Recent research points to bacteria as an important element in Crohn's disease. This may involve bacterial agents triggering the inflammatory process, or a reaction against the normal bacterial that live in the intestine. In addition, when the ileocecal valve is damaged, as often occurs in ileitis or ileocolitis, there may be a backup of contents from the colon into the small intestine, leading to a condition known as bacterial overgrowth.
For these reasons, antibiotic treatment is becoming increasingly common in Crohn's disease. Broad-spectrum antibiotics such as ciprofloxacin (Cipro), clarithromycin (Biaxin), and Ampicillin are often used in a short course of treatment.
The most commonly used antibiotic is metronidazole (Flagyl), usually given for four to eight weeks during flare-ups to induce remission (but not as a maintenance therapy). Flagyl also sometimes helps to heal fistulas. Flagyl produces annoying side effects such as a metallic taste and loss of appetite. No alcohol may be consumed when taking Flagyl.
In 1999, the federal Food and Drug Administration approved the use of Infliximab (trade name Remicade) in treating Crohn's disease. Infliximab is a chimeric monoclonal antibody-a manufactured protein designed to target a specific biological substance.
This medication is used for:
Disease that does not respond to standard treatments
Individuals who are unable to be weaned off of steroids successfully
Promoting healing of stubborn fistulas
Infliximab was engineered through the use of both mouse and human cells to act as both a carrier of chemicals called cytokines-proteins that regulate the immune response-and as an antagonist to tumor necrosis factor (TNF)-Alpha, meaning it reacts against TNF-Alpha. TNF-Alpha is a major component of the inflammatory process.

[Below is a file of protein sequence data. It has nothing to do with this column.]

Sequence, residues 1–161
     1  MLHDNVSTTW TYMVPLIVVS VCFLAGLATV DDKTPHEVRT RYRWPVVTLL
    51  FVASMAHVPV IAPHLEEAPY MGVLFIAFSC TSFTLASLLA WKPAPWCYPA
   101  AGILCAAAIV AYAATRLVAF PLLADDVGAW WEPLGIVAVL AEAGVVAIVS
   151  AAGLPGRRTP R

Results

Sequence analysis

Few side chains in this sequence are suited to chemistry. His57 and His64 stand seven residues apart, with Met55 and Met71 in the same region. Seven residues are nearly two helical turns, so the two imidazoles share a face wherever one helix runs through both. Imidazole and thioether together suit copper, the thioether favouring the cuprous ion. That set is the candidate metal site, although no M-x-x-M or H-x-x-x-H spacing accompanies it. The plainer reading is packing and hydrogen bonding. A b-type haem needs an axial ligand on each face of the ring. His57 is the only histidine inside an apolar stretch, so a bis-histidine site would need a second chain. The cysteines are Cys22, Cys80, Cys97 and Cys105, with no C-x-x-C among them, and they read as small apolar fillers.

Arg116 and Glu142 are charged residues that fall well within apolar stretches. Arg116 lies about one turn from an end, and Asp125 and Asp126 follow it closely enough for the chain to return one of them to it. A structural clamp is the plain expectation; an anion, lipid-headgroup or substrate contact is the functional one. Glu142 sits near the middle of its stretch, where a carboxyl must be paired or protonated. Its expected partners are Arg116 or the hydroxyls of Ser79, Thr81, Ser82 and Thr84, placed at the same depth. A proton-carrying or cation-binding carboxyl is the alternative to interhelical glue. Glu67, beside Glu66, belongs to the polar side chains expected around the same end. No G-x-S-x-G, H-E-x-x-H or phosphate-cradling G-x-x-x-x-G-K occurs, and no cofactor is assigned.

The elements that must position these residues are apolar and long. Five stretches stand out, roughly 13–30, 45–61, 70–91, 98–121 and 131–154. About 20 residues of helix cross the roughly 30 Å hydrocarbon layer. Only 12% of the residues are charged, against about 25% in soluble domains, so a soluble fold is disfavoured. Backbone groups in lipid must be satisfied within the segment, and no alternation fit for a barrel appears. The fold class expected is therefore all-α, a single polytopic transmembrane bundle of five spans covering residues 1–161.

Two other anti-TNF medications are currently in clinical trials in individuals with Crohn's disease, as well as those who live with two other diseases generally thought to be autoimmune disorders, rheumatoid arthritis and lupus.
Therapy with beneficial bacteria, called probiotics, are being examined both as way to replace toxic bacteria after antibiotic treatment and as a way to release protective chemicals into the body. Substances such as lactobacilli have shown promising results in animal studies, as well as in one small human study.
Small studies have shown that the medication Thalidomide, another anti-TNF agent, may be helpful in treating Crohn's disease that does not respond to other treatments. Any use of Thalidomide, however, would be controversial. Prescribed in Canada and Europe in the late 1950s and early 1960s as an anti-nausea medication for morning sickness during pregnancy, Thalidomide was taken off the market after because it caused severe, disfiguring birth defects.
Currently, Thalidomide is approved in the Unites States only for treatment of Hansen's disease (leprosy), and is the most tightly controlled drug on the market. A woman of childbearing age who accepts a prescription for Thalidomide must agree to use two forms of contraception, to have a monthly pregnancy test, and to undergo a therapeutic abortion if she becomes pregnant.
A mind-body approach can help individuals with ulcerative colitis manage pain, and can contribute to both a sense of well-being and a feeling of control in a situation in which, in medical terms, they have little or no control.
Mind-body treatments include biofeedback, guided imagery, hypnotherapy, sound/music therapy, relaxation techniques, and prayer.
Postural therapies and exercises such as the Alexander technique, the Feldenkrais method, and the Trager method, as well as tai chi, which help an individual concentrate on choreographed body movements, are relaxing and provide a low-intensity physical workout when more active exercise is not possible.
Acupuncture and acupressure may also be beneficial.
Herbal treatments, naturopathic, and homeopathic treatments, however, are not recommended.
Need To Know:
It is important to note that there is no research evidence that these alternative therapies "undo" the cellular changes caused by ulcerative colitis. Therefore, mind-body therapy should always be used in conjunction with Western medicine, and not as a substitute for conventional medical treatments.